|US District Court Judge Phillips rejected the government’s effort to delay her order that halted enforcement of the policy.|
Military begins accepting openly gay applicants
Pentagon says it has frozen discharge cases
SAN DIEGO — The military is accepting openly gay recruits for the first time in the nation’s history.
The historic move follows a series of decisions by US District Court Judge Virginia Phillips, who ruled last month that the “don’t ask, don’t tell’’ law targeting openly gay service members violates their equal protection and First Amendment rights. Yesterday, Phillips rejected the government’s effort to delay her order that halted enforcement of the 17-year policy.
Government lawyers are expected to appeal her decision to the US Court of Appeals for the Ninth Circuit, in San Francisco.
In the meantime, the Defense Department has said it will comply with Phillips’s order and had frozen discharge cases. Cynthia Smith, Pentagon spokeswoman, said recruiters had been given top-level guidance to accept applicants who say they are gay.
At least two service members discharged for being gay began the process to reenlist after the Pentagon’s announcement yesterday.
Recruiters also have been told to inform potential recruits that the moratorium on enforcement of the policy could be reversed at any time, if the ruling is appealed or the court grants a stay, she said.
Still, supporters of gay rights hailed the military’s decision.
“Gay people have been fighting for equality in the military since the 1960s,’’ said Aaron Belkin, executive director of the Palm Center, a think tank on gays and the military at the University of California Santa Barbara. “It took a lot to get to this day.’’
An Air Force officer and cofounder of a gay service member support group, OutServe, said he’s hearing increasingly about heterosexual service members approaching gay colleagues and telling them they can come out now.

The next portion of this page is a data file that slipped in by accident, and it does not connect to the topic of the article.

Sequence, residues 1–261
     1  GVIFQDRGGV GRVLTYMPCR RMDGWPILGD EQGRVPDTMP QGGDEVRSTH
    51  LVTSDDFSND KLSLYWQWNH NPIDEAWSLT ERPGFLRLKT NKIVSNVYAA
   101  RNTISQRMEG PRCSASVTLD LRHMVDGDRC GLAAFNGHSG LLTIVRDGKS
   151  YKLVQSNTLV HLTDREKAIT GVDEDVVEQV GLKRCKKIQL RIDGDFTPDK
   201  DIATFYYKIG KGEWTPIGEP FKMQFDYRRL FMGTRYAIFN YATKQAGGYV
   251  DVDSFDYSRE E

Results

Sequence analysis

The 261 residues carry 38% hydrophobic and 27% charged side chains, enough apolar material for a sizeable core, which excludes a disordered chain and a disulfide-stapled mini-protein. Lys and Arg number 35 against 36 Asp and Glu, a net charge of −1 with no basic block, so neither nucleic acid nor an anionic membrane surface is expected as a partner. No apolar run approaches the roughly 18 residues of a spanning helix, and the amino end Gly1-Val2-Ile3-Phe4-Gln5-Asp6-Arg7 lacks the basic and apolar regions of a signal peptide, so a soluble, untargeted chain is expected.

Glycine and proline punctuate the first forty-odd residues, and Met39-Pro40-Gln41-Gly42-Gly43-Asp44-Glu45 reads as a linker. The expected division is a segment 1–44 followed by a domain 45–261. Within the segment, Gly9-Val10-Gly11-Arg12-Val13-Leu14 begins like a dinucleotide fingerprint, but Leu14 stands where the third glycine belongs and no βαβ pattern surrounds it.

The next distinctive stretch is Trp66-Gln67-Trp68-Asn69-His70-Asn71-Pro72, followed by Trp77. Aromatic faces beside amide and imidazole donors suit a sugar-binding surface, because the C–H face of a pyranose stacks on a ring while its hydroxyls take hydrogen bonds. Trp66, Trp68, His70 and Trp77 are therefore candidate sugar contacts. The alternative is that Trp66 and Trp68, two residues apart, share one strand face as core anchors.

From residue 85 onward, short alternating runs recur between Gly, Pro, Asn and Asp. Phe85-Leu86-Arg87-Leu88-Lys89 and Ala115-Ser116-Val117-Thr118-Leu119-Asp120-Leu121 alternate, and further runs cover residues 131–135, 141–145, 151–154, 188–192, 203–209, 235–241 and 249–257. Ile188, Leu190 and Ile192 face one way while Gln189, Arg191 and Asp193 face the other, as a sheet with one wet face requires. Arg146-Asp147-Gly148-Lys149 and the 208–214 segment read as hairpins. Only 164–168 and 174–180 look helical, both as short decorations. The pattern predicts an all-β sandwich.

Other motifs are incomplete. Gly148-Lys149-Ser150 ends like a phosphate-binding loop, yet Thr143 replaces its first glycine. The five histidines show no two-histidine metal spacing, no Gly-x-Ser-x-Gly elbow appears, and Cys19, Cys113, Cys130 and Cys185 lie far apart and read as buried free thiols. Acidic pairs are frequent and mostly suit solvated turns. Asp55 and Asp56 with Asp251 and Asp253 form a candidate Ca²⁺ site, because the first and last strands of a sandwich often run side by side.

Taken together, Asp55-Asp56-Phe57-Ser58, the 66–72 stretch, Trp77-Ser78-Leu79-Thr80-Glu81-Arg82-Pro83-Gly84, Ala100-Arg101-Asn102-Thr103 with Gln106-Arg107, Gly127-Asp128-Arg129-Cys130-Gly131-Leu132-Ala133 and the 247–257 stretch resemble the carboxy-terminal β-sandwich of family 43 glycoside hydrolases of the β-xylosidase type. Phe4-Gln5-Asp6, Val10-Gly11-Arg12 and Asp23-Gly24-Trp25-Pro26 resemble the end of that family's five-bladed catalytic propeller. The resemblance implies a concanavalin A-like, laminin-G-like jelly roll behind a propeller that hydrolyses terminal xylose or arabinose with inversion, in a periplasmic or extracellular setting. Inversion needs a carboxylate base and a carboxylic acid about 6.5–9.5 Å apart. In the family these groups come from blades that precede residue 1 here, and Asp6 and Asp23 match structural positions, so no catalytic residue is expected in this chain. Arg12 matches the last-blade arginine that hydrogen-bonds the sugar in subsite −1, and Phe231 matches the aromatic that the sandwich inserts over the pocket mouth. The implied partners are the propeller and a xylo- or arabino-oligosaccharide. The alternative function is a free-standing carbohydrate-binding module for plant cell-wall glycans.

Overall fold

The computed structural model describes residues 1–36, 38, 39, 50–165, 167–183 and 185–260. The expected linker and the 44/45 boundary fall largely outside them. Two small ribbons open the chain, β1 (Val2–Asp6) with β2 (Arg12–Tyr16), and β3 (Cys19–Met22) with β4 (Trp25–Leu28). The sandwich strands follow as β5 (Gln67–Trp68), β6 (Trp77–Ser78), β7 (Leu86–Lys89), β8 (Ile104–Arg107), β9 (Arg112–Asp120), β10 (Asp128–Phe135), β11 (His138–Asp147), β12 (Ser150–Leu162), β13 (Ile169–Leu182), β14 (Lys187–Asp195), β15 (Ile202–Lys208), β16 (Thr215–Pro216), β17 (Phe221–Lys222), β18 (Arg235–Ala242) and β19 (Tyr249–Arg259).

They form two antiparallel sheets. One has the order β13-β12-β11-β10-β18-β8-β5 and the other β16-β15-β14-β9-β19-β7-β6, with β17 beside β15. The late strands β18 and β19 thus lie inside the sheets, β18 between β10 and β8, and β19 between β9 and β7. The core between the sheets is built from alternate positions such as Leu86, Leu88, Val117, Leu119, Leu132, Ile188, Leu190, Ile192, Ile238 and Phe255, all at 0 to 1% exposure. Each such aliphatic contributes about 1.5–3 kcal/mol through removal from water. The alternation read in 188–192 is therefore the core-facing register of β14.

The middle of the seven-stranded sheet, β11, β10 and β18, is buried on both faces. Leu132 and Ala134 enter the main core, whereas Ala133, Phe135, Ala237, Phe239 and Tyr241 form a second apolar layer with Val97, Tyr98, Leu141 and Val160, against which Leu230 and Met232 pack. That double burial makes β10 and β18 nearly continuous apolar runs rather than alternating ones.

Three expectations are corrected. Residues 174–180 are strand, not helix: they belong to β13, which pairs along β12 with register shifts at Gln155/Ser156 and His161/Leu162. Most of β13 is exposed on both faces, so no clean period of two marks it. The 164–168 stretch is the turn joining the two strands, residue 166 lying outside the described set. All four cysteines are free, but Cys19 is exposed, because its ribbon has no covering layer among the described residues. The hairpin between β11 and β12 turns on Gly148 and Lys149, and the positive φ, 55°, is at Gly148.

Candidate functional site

He also said more gay service members are coming out to their peers who are friends, while keeping their orientation secret from leadership. He said he has come out to two peers in the past few days.
“People are coming out informally in their units,’’ said the officer, who asked to remain anonymous for fear of reprisals. “Discussions are happening right now.’’
An opponent of the judge’s ruling said the confusion is exactly what Pentagon officials feared and shows the need for the courts to freeze her order immediately while the government appeals.
“It’s only logical that a stay should be granted to avoid the confusion that is already occurring with reports that the Pentagon is telling recruiters to begin accepting homosexual applicants,’’ said Tony Perkins, president of the Family Research Council, a conservative advocacy group based in Washington that supports the policy.
Before the 1993 law, the military banned gays entirely and declared them incompatible with military service.
There have been instances in which gays have served, with the knowledge of their colleagues.
Twenty-nine nations, including Israel, Canada, Germany, and Sweden, allow openly gay troops, according to the Log Cabin Republicans, a gay-rights group and plaintiff in the lawsuit before Phillips.
The Pentagon guidance to recruiters was given after Dan Woods, the group’s lawyer, sent a letter last week warning the Justice Department that Army recruiters who turned away Omar Lopez in Austin, Texas, may have caused the government to violate Phillips’s injunction.
Woods wrote that the government could be subject to a citation for contempt.
The White House has insisted its actions in court do not diminish President Obama’s efforts to repeal the ban. In their request for a stay, government lawyers argue Phillips’s order would be disruptive to troops serving at a time of war.
They say the military needs time to prepare new regulations and train and educate service members about the change.
Phillips has said her order does not prohibit the Pentagon from implementing those measures.
The message, however, had not reached some recruiting stations.